30 January 2003 Microfossils, biominerals, and chemical biomarkers in meteorites
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Proceedings Volume 4939, Instruments, Methods, and Missions for Astrobiology VI; (2003) https://doi.org/10.1117/12.501868
Event: Instruments, Methods, and Missions for Astrobiology V, 2002, Moscow, Russian Federation
The discovery of biominerals, chemical biomarkers and evidence of microfossils in the Mars meteorite (ALH84001) stimulated research into biomarkers, microbial extremophiles and provided impetus to the newly emerging fields of Astrobiology and Bacterial Paleontology. The debate following the ALH84001 results has highlighted the importance of developing methodologies for recognition of mineral and elemental bioindicators, chemical biomarkers and microfossils in terrestrial rocks and meteorites prior to sample return missions to comets, asteroids, and Mars. Comparative studies of living and fossil micro-organisms and biomarkers are vital to developing expertise needed to recognize indigenous biosignatures and recent contaminants. This paper reviews elemental and mineral bioindicators, chemical biomarkers and keropgen in terrestrial rocks and meteorites. Electron Microscopy images of hyperthermophilic nanobacteria, sulfur and sulfate reducing bacteria, and mineralized microfossils and kerogen found in-situ in carbonaceous meteorite rock matrix are presented.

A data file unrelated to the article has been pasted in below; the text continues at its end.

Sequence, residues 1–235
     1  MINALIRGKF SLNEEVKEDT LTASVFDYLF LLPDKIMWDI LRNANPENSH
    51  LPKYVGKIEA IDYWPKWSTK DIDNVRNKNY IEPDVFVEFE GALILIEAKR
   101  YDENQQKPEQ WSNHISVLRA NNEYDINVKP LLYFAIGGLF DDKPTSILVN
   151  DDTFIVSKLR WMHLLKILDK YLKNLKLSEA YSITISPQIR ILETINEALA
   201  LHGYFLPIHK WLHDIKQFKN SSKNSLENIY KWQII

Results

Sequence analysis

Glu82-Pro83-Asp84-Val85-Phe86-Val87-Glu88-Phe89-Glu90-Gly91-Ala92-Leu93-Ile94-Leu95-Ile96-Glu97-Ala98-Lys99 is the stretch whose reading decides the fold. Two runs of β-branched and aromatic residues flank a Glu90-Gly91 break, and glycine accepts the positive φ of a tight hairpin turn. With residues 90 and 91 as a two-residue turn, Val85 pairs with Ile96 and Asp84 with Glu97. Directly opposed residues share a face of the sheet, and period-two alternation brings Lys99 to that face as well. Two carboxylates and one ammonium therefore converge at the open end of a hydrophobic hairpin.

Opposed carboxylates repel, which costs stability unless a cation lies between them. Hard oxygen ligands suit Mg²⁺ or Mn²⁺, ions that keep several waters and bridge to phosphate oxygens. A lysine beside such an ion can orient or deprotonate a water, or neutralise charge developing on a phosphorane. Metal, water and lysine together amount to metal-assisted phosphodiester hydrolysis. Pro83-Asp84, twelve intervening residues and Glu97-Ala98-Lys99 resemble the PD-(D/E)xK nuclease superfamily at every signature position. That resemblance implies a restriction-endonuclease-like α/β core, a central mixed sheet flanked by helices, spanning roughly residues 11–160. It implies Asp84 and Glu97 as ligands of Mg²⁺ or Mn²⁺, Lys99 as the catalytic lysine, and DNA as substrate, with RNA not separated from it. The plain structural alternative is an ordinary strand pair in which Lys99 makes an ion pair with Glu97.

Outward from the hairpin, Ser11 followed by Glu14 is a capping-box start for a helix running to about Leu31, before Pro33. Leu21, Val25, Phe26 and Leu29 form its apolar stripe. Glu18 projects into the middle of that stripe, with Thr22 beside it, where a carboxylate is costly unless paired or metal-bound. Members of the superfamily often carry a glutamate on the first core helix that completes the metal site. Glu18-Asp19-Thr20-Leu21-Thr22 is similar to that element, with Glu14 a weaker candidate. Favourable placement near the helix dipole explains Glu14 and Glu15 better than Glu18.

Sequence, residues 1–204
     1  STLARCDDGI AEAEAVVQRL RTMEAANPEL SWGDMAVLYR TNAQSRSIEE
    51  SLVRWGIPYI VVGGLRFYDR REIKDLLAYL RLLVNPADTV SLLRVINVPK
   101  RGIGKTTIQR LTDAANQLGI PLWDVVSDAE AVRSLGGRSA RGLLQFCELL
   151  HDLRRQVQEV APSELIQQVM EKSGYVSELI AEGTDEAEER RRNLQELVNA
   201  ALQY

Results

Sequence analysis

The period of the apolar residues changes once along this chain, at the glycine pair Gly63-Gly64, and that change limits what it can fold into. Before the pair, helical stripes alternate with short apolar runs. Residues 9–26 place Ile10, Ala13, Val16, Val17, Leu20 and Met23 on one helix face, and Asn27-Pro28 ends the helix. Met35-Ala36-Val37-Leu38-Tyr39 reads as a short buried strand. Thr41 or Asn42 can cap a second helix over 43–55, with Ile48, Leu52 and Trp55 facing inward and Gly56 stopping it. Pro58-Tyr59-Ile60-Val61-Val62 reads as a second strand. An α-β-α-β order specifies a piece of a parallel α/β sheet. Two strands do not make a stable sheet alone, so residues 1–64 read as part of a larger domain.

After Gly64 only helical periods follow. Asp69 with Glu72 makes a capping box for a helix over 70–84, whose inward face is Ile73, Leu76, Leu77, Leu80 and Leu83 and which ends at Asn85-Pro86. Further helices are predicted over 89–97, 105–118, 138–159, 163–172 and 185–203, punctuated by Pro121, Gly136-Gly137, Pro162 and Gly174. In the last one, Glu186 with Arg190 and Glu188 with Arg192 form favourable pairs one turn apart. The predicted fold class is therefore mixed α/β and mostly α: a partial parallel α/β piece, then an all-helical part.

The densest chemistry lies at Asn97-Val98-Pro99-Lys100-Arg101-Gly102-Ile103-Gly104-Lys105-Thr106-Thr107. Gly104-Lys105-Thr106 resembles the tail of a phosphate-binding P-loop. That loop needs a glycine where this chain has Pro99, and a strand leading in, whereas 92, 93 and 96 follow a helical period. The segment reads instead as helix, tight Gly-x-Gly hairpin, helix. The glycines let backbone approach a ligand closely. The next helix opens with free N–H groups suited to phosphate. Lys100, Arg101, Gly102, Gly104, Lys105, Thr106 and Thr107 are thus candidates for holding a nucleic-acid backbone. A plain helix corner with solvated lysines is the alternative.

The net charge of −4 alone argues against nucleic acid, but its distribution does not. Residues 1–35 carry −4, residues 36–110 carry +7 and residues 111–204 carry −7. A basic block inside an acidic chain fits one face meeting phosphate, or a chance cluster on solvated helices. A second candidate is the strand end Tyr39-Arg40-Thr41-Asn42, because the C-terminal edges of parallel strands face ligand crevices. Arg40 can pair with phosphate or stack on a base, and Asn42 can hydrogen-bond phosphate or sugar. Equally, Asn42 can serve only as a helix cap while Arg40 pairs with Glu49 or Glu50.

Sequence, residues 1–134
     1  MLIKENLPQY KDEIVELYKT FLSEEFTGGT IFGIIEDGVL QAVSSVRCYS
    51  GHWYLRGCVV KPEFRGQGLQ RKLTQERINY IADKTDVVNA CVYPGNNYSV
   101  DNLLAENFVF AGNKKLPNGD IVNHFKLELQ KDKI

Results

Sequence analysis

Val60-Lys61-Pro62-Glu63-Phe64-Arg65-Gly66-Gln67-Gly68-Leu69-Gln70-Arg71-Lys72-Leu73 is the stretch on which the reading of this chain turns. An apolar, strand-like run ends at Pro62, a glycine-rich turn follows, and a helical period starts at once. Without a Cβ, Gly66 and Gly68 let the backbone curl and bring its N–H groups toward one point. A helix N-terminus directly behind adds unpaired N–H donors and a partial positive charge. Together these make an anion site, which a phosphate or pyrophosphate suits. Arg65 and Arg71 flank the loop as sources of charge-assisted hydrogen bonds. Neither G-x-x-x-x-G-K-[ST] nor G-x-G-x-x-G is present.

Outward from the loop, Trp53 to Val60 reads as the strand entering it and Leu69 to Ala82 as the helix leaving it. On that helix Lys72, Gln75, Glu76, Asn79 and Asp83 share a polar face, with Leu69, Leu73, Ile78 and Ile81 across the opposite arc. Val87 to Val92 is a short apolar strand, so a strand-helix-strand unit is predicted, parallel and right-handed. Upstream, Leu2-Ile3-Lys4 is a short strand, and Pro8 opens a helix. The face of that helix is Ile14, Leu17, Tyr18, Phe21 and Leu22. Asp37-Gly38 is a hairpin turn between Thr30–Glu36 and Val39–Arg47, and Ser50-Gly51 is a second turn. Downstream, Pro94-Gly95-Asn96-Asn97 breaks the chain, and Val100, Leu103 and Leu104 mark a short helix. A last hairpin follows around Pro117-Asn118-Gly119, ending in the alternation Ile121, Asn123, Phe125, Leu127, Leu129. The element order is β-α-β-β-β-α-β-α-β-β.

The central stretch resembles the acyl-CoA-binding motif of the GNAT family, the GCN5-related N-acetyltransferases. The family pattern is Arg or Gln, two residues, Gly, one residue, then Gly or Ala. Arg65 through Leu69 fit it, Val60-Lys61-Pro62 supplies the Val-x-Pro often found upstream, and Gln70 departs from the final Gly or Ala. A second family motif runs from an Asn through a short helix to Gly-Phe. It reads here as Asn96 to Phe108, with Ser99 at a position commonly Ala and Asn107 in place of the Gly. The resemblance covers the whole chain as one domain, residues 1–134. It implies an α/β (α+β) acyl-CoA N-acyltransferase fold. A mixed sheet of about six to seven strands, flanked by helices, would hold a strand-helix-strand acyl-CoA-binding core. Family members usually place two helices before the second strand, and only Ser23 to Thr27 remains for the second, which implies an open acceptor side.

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Richard B. Hoover, Richard B. Hoover, Alexei Yu. Rozanov, Alexei Yu. Rozanov, } "Microfossils, biominerals, and chemical biomarkers in meteorites", Proc. SPIE 4939, Instruments, Methods, and Missions for Astrobiology VI, (30 January 2003); doi: 10.1117/12.501868; https://doi.org/10.1117/12.501868

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